Borat: Cultural Learnings of America for Make Benefit Glorious Nation of Kazakhstan (2006) (mini-review++)

(If you’re curious, my review process. It’s also pasted at the end of this post. I don’t believe in Rotten Tomatoes. I just believe in me.)

(***all-purpose SPOILER ALERT*** there may be some in this review)

acting 7

directing 8

effects 6

editing 8

writing 8


5 out of 5 🐙


There was a point while watching Borat: Cultural Learnings of America for Make Benefit Glorious Nation of Kazakhstan when I could not laugh anymore.  It was not that I didn’t think things were funny.  It was just that my face hurt, and I was too tired to laugh.  

The most hyped movie of the autumn in 2006 did what “the most hyped” movie hardly ever does.  It lived up to it.  Chuck D, in this case, was wrong.

The film follows Borat Sagdiyev a popular reporter from Kazakhstan (a former Soviet republic) and his producer Azamat Bagatov, a man with incredibly large moobs, as they travel across America to find Pamela Anderson. Borat has fallen in love with the legendary television lifeguard from afar and wants to marry her. They roll across the country in a dilapidated ice cream truck and they encounter all manner of Americans and proceed to horrify and amuse them with their peculiar (read: bizarre and hilarious) Kazakh interpretations of, and interactions with, American culture. 

There are too many memorable scenes in this movie to list just a few.  But if you like inappropriate nudity, offensive humor, pristine physical comedy, obscured sexuality, grotesque utilization of body fluids and rubber fists, and wild animals in ice cream trucks, you will love this film. One of the final scenes, a singular battle between Borat and Azamat, made me (and seemingly everyone else in the packed theater) laugh louder and harder than anything since There’s Something about Mary. I’m talking about laughing so hard people were crying.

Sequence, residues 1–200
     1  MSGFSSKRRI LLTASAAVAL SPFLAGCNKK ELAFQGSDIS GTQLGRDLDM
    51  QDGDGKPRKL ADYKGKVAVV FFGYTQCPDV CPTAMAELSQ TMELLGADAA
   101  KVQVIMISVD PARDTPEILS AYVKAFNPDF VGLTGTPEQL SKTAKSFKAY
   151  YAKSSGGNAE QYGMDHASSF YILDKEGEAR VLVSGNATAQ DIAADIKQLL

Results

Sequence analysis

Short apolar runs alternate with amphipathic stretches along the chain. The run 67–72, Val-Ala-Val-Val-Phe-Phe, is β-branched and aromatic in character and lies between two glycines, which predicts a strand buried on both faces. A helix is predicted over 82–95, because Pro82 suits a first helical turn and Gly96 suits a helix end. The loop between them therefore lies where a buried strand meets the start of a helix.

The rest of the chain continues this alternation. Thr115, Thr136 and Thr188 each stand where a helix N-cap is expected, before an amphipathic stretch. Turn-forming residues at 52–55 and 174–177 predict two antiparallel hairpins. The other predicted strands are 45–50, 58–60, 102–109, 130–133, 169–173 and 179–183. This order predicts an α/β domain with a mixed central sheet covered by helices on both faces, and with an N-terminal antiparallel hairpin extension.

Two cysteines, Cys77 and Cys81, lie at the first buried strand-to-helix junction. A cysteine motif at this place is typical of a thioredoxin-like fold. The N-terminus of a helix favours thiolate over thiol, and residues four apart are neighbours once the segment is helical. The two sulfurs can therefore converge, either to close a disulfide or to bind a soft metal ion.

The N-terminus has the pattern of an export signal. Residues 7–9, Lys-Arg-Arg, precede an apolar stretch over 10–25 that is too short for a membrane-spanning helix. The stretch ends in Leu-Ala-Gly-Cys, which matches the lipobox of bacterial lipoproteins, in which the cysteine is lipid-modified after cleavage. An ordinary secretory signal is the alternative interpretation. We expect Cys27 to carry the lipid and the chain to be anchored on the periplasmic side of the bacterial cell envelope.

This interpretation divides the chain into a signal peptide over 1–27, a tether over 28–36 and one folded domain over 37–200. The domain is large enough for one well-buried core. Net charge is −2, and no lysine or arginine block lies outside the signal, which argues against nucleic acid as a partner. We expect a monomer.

Borat is a character from Baron Cohen’s HBO sketch show Da Ali G Show.  He is a patently obvious satire of a bumbling reporter from an impoverished iron curtain republic.  Anyone with an ounce of intelligence can see this is not a serious representation.  Unfortunately, there are many people in the world, including the very angry Kazakh President Nursultan Nazarbayevhas in 2006, who were furious over this portrayal.  There is also criticism of the antisemitic humor that is present in the film. Baron Cohen, a Jewish man himself, no doubt understands that these jokes will offend some people. But I believe, even in a silly comedy, in the context of verisimilitude, he has the right to make these jokes, especially as he paints the character making them as stupid and racist. The audience is clearly not supposed to hold Borat in high esteem. What these critics never seem to understand is that their complaints have brought more publicity, and no doubt sold many more tickets, to this film.  Baron Cohen should send this man royalties. 

But in 2020, on re watching this, it did feel a little odd to be laughing at the jokes.

But don’t let these criticisms, which completely miss Cohen’s intent, keep you from watching this film. Especially in these troubling times, we can all use some belly laughs. And this movie will make you laugh until you cannot laugh anymore.   







(1) Shark Wrighter (SW) Score: Based on a sum of 5 sub-scores (acting, directing, writing/story, effects: cinematography &/or animation &/or effects, editing) with 1 being terrible and 10 being terrific.

(2) Octopuses (0-5 🐙, with 5 being fantastic and 0 being feces)

(3) Octopuses are my unquantifiable feeling…not that SW score is scientific…but this one is even less so

(4) ++ This optional section includes any incredibly *brilliant observations that don’t fit into simple quantitative slices like the scores and octopuses *(they are likely NOT brilliant)

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